Laura Lakin is a professional organizer and the founder of ClutterBusters, based in Manhattan. She got into the business, the hard way: through having to clear her own clutter. "About 20 years ago, I went through a bad depression," says Lakin. "By the time I got better, things had gotten so backed up it took me six years to go through all my stuff."
Alford finds this scenario very familiar. "Every one of my clients has, as the root cause of their clutter, some form of depression," he says. "They're very cautious and shy, and they don't want to be judged. Unfortunately, they judge themselves a million times. Then they get more down on themselves."
Even the word "hoarding" has a negative connotation for most people. It conjures up images of greedy, mean old men gleefully surveying their riches while others starve. By contrast, the clutter seems to happen by itself. The individual does not have bad intentions, or even weakness, just a lack of organizational skills.
"I call it "˜clutter paralysis'," says Lakin. "The minute you perceive that this is unbearable clutter and say "˜I've got to do something about this,' the less able you are to do anything about it."
Lakin believes some people hoard because they have a distorted instinct about what they need. "This is especially true of people who lived through the [Great] Depression - they're afraid to part with anything for fear they will need it," Lakin says. "It's difficult to let go of things that have perceived value. Sometimes they have to redefine their ideas about need. My work sometimes leads me into areas that a psychotherapist would tread."
Towley-Ewer recommends on her Web site that compulsive hoarders view outside resources as their own personal storage areas. For example, you don't need to keep that extra turkey-baster because you can probably pick up another one at a yard sale for under a dollar. Magazine articles can be accessed online, or at the library, rather than kept eternally lying around, piled up to one's knees.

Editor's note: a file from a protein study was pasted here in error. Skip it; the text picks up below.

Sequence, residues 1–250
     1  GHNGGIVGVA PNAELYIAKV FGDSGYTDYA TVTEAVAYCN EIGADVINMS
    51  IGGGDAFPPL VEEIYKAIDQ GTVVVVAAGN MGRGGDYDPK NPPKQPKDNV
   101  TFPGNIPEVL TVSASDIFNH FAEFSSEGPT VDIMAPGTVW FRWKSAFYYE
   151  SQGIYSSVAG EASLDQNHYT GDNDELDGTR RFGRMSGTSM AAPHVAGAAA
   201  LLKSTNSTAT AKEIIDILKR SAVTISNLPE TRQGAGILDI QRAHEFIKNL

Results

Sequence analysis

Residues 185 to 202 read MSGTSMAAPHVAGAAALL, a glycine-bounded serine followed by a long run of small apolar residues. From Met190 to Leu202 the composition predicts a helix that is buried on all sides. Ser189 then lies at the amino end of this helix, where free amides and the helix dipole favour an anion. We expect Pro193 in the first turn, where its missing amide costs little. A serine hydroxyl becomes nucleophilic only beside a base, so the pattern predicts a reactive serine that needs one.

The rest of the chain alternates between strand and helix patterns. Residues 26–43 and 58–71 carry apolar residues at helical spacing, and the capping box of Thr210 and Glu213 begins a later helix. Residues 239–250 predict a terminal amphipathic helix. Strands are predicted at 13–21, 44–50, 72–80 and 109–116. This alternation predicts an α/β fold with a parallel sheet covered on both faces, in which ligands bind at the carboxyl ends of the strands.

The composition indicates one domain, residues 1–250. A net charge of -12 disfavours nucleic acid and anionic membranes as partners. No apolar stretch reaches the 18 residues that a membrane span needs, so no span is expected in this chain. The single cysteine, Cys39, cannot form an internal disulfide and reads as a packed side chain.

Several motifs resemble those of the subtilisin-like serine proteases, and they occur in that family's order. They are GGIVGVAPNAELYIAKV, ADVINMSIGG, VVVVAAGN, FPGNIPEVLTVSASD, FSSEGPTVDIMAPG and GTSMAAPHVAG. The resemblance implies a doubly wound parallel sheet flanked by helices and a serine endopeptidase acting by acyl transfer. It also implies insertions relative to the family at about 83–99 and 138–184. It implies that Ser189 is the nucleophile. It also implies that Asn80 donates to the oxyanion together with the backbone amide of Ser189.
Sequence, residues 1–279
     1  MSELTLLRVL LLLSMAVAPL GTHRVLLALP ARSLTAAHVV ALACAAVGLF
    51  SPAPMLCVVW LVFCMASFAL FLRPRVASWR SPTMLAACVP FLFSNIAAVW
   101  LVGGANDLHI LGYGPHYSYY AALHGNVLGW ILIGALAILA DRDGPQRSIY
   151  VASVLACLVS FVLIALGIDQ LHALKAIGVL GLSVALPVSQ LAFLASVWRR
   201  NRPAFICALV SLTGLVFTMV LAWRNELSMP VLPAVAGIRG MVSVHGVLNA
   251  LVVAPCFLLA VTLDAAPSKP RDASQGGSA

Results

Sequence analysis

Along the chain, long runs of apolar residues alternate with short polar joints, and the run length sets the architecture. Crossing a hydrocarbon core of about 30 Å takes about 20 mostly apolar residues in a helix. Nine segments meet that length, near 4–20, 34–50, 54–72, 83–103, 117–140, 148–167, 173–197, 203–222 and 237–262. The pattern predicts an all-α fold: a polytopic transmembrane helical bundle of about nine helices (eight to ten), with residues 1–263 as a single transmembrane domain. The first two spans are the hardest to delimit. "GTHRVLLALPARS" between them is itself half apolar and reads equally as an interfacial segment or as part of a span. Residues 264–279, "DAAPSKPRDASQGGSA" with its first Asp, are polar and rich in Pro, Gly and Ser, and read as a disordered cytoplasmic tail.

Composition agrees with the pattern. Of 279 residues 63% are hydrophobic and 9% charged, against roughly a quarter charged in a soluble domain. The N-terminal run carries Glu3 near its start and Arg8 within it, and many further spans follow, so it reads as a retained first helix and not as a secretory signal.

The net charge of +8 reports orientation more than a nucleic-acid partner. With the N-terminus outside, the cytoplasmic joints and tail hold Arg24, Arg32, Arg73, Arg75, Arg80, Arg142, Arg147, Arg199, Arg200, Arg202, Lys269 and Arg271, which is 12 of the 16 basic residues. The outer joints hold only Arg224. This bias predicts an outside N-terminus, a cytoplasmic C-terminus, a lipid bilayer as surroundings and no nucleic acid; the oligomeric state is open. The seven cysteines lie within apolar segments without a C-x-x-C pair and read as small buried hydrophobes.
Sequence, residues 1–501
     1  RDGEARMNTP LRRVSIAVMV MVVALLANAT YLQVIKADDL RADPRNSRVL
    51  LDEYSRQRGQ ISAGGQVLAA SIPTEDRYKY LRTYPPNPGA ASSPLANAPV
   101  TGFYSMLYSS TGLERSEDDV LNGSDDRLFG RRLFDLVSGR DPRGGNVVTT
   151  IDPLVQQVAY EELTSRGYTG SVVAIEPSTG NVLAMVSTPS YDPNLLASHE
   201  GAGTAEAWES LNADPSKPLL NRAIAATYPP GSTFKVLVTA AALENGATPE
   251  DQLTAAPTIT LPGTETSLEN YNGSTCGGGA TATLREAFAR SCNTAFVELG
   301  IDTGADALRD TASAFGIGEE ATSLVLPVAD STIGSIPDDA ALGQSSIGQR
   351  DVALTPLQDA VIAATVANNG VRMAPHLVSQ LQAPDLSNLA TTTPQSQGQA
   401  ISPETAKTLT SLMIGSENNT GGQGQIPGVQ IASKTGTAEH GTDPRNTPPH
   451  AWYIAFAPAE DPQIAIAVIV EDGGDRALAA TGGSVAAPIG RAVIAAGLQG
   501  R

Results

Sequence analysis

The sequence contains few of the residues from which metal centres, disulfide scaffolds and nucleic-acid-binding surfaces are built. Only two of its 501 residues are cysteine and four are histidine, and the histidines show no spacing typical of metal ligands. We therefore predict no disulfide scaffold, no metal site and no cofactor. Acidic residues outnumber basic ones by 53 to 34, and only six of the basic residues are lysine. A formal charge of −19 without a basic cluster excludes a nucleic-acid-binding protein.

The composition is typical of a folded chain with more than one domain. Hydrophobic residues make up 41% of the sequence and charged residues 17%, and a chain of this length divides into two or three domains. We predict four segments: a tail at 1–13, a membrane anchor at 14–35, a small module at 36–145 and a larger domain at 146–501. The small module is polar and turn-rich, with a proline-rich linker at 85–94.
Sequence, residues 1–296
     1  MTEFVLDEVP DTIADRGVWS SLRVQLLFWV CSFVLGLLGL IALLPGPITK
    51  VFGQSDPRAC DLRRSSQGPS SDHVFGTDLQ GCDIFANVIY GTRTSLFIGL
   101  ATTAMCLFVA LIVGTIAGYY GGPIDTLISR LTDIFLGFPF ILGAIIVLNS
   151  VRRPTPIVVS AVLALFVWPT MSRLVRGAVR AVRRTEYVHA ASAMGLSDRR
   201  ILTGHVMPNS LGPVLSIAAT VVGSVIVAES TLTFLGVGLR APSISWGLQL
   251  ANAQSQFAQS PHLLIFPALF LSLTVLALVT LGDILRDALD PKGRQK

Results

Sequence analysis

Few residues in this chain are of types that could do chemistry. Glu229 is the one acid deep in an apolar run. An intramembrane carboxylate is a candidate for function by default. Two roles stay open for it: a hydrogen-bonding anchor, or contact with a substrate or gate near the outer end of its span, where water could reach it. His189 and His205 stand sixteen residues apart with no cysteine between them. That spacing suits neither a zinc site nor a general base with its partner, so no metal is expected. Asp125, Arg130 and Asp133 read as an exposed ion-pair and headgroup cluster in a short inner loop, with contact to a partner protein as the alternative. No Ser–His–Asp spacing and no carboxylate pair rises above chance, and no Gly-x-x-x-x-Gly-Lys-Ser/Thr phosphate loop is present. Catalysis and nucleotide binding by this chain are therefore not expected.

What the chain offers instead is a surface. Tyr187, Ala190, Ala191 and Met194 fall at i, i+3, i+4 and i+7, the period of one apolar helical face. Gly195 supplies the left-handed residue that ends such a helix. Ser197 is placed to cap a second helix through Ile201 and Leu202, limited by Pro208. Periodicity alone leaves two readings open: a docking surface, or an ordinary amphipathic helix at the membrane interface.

Most really extreme hoarders are single, because those with mates try to get them help. Although the stereotypical hoarder tends to be a senior citizen, hoarding actually afflicts people of all ages. I have a friend who hasn't had company at her apartment for years, because you can barely get through her front door for all the debris piled up inside. You might be surprised how many people live like this - Alford has seen entire rooms of apartments succumb to clutter that reaches to the ceiling. "Every piece of paper ends up on a horizontal surface somewhere," he says. "It gets five or six feet deep. Then here comes the cat and knocks everything over."
"When most people realize they have a problem is when the building manager or superintendent enters the apartment to make a repair and finds the situation," says Alford. "Then they get "˜found out.' Or maybe the shareholder next door smells something, and the co-op board says "˜Correct the dangerous condition or we will evict you'."
Distaste and social stigma aside, the bottom line is that extreme clutter is a fire and health hazard. It can jeopardize the life of not just the hoarder, but of everyone in the building. "A lot of people are so deep in denial that it takes a court order to shake them up," says Alford. "A fortune in time, grief and money could be saved if people called a clean-up professional first."
Alford's company was initially called Disaster Masters, Service King of Queens, and they specialized in clean-ups after fires and floods. The skills he honed then come in handy when sorting through the detritus of people's lives now. "I can sort through an armload of mail faster than the post office," jokes Alford.
The process of using a professional clutter-clearing company begins with the appraisal. A good clean-up pro won't take a job without personally appraising the space, photographing all the rooms from many angles, and evaluating what kind of clutter they're dealing with. The most common cluttered item is paper. Alford also factors in the client's temperament. "Are they going to cry over every piece they have to throw away?" asks Alford.